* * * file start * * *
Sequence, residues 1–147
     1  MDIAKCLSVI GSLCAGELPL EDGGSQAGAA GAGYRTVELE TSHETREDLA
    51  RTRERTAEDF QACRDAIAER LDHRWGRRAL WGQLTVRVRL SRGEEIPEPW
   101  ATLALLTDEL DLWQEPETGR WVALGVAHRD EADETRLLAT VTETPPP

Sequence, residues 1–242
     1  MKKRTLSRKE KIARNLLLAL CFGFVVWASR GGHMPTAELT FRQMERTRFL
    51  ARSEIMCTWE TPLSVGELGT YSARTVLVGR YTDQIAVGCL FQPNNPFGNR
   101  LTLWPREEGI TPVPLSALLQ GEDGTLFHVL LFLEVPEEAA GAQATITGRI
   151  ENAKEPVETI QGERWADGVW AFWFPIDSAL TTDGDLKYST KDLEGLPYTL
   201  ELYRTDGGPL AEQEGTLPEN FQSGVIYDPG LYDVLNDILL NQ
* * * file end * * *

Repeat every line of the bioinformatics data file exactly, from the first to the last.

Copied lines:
Sequence, residues 1–147
     1  MDIAKCLSVI GSLCAGELPL EDGGSQAGAA GAGYRTVELE TSHETREDLA
    51  RTRERTAEDF QACRDAIAER LDHRWGRRAL WGQLTVRVRL SRGEEIPEPW
   101  ATLALLTDEL DLWQEPETGR WVALGVAHRD EADETRLLAT VTETPPP

Sequence, residues 1–242
     1  MKKRTLSRKE KIARNLLLAL CFGFVVWASR GGHMPTAELT FRQMERTRFL
    51  ARSEIMCTWE TPLSVGELGT YSARTVLVGR YTDQIAVGCL FQPNNPFGNR
   101  LTLWPREEGI TPVPLSALLQ GEDGTLFHVL LFLEVPEEAA GAQATITGRI
   151  ENAKEPVETI QGERWADGVW AFWFPIDSAL TTDGDLKYST KDLEGLPYTL
   201  ELYRTDGGPL AEQEGTLPEN FQSGVIYDPG LYDVLNDILL NQ